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For the month of February


Winter Sky Map © Wil Tirion

February Constellations

At nine pm on February evenings, Cepheus the King, Cassiopeia the Queen, and Perseus the Hero are the most notable constellations in the northwestern portion of the sky. Cassiopeia is recognizable as a bright W shape that is visible from northern latitudes all year long. The constellation Auriga the Charioteer and its very bright alpha star, Capella, are very high in the northwest. Taurus the Bull, containing the conspicuous star cluster known as the Pleiades (or Seven Sisters) is in the west. Its other star cluster, the Hyades, also representing a mythological group of sisters, marks the bull's face, while the bright orange star Aldebaran represents his eye.

Look toward the northeast and almost halfway up the sky to spot the Big Dipper, an asterism, or star shape, within the larger constellation Ursa Major (the Great Bear). The two stars at the end of the dipper's bowl are known as the Pointers, for a line drawn through them and extended northward points directly to Polaris, the North Star. Polaris marks the tip of the handle of the Little Dipper, which is in the constellation Ursa Minor, the Little Bear.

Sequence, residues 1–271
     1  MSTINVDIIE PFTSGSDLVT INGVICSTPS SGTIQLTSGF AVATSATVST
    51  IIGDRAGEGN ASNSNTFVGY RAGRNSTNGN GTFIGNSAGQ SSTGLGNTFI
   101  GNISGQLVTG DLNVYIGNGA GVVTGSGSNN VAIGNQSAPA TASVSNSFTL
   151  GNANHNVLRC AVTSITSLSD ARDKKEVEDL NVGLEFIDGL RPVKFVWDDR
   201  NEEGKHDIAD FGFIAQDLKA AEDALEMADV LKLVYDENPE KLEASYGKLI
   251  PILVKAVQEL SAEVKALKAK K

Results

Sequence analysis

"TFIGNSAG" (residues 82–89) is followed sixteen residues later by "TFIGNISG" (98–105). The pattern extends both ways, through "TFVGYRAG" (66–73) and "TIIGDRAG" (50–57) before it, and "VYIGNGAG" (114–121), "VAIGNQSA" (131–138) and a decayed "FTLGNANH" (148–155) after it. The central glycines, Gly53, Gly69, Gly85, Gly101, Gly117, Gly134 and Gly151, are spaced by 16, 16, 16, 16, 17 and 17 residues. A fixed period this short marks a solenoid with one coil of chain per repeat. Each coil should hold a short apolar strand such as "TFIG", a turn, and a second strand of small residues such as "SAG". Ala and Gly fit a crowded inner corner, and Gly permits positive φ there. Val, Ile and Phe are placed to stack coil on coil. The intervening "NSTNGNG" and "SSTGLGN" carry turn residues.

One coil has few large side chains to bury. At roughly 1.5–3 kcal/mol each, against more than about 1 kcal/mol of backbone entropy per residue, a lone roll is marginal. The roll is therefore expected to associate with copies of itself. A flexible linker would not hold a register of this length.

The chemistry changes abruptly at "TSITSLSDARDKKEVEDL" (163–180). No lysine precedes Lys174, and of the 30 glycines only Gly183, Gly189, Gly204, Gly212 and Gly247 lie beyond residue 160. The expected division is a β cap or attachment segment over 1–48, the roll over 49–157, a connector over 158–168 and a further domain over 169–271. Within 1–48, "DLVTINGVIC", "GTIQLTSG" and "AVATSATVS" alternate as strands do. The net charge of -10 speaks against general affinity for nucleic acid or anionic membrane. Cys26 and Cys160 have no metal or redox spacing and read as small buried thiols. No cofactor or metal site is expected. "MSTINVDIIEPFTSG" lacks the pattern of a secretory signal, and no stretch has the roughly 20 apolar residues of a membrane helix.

Gemini, the Twins, is in the southeastern part of the sky. It has two bright stars named Castor and Pollux, the twins born of an egg laid by Leda after she was seduced by Zeus in the guise of a swan. Procyon, the alpha (or brightest) star in Canis Minor, the Little Dog, is below Gemini. Most of the rest of this quadrant of the sky is occupied by faint constellations, the largest of which is Hydra, the Sea Serpent. Leo the Lion and its bright star Regulus are in the east.

Face southwest to see Orion. A very large and bright red giant star named Betelgeuse marks one shoulder, while a less bright red star called Bellatrix marks the other. The very hot bluish-white star Rigel marks one knee. The color contrast between the Orion's two brightest stars, Rigel and Betelgeuse, is evident even to the naked eye. Orion's three belt stars point toward Taurus in the west, Canis Major in the south, and Gemini and Auriga high overhead. The brightest star in the sky, Sirius, also known as the Dog Star, lies in Canis Major, the Great Dog.

 

 

 

 

 

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